Stress and its covariates in parents who have been referred to clinic with a possible diagnosis of epilepsy in their child

Holliday, Lois
Stress and its covariates in parents who have been referred to clinic with a possible diagnosis of epilepsy in their child. Master of Philosophy thesis, University of Liverpool.

[img] PDF (MPhil)
HollidayLoi_Aug2011_6573.pdf - Author Accepted Manuscript
Available under License Creative Commons Attribution No Derivatives.

Download (4MB)


Background: Parenting Stress has been found to be associated with children who have been diagnosed with epilepsy. However the percentage of parents feeling stressed differs across studies that have examined this relationship. Aims: To examine carer stress when their child has been referred to Alder Hey Children’s Hospital with epilepsy being a suggested diagnosis. The study then aims to examine for associations between different factors and carer stress. Methods: To recruit carers of children aged 0 to 16 years of age, who have a queried diagnosis of epilepsy and have been referred to an outpatient department at Alder Hey Children’s Hospital. A battery of 9 questionnaires will be given to the carer along with a demographic screen. The questionnaire battery will measure carer health-related stress and factors that may or may not affect whether stress is being felt. The factors being examined are carer’s recent health, how they cope with the potential diagnosis, the degree of control they feel they have over events, the amount of support they receive and would like to get, their family environment and their opinion of their child’s behaviour. Two questionnaires will be given to the child to measure their self-esteem, self-image and their quality of life. If they are aged 6 years only one can be completed but if aged over 6 years both questionnaires can be completed. A statistical analysis will be performed on the questionnaires completed by the carer. A Spearman’s Rank correlation will examine associations between the stress score and the scores of the other questionnaires. A Mann Whitney U test will assess for differences between questionnaire scores in those classified as either stressed or not stressed and a binary logistic regression will be used to form a model of questionnaires likely to predict higher carer stress. Results: 133 carers were approached with 60 carers giving consent, however 6 carers withdrew from the study resulting in 54 carers recruited during this study year. Results from the previous year’s recruitment were included in the analysis, bringing the total number of carers involved in the study to be 59. Both Stress questionnaires revealed high stress scores being reported by the carers. The Pediatric Inventory for Parents (PIP) categorised 43% of carers as being stressed, with the semi-structured stress questionnaire categorising 75% of parents being stressed. A binary logistic regression model revealed two predictive models by finding that the Strengths and Difficulties Questionnaire (SDQ) along with either the Family Needs Survey (FNS) or the Brief COPE Inventory subgroup dysfunctional coping strategy was able to predict high PIP stress scores. Conclusion: This study revealed that a high percentage of carers were experiencing stress. The binary logistic regression model suggests that the questionnaires most useful in predicting high carer stress scores were the SDQ with either the FNS or the Brief COPE Inventory. This guides future interventions as by using these questionnaires along with the PIP, carers would benefit from extra assistance can be targeted in order to prevent stress becoming problematic.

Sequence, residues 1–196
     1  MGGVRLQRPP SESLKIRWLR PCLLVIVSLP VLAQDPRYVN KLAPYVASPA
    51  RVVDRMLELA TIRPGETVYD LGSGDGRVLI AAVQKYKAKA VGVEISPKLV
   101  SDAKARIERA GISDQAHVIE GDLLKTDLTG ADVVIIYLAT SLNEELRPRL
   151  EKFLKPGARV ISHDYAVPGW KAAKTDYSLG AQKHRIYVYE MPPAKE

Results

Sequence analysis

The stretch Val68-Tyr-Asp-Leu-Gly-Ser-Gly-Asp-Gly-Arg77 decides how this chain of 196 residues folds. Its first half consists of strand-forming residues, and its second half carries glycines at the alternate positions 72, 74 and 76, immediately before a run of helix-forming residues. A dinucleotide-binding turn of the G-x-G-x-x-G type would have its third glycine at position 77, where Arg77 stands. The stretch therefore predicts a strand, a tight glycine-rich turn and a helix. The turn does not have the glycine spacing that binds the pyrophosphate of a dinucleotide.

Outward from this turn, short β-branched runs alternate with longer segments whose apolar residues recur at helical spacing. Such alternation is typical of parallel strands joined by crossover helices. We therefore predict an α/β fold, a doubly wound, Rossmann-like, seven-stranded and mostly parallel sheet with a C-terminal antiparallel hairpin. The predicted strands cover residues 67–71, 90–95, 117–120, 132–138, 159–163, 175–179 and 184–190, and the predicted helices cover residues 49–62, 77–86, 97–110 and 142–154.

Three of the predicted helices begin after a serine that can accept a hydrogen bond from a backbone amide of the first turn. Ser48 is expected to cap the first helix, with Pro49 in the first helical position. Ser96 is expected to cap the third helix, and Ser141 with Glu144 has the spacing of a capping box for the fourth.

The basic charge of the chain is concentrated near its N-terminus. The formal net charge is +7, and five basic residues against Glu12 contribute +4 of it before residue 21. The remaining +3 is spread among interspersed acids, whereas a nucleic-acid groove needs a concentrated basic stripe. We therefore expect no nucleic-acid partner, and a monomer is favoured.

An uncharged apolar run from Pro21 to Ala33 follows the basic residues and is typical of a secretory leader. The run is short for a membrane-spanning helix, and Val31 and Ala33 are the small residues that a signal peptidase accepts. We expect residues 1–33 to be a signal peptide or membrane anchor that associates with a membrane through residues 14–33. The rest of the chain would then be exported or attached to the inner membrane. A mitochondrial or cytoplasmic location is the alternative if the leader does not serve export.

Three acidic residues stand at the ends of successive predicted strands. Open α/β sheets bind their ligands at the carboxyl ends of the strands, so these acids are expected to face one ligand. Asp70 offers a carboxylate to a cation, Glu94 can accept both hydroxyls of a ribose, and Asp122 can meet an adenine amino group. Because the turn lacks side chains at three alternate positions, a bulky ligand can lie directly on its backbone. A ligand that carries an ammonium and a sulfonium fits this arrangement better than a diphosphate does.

Item Type: Thesis (Master of Philosophy)
Additional Information: alt_title: Health related stress measured in carers of children with possible epilepsy: interim analysis of the stress adjustment in carers of children who are newly diagnosed with epilepsy Date: 2011-08 (completed)
Divisions: Faculty of Health and Life Sciences
Depositing User: Symplectic Admin
Date Deposited: 21 Aug 2012 09:03
Last Modified: 16 Dec 2022 04:36
DOI: 10.17638/00006573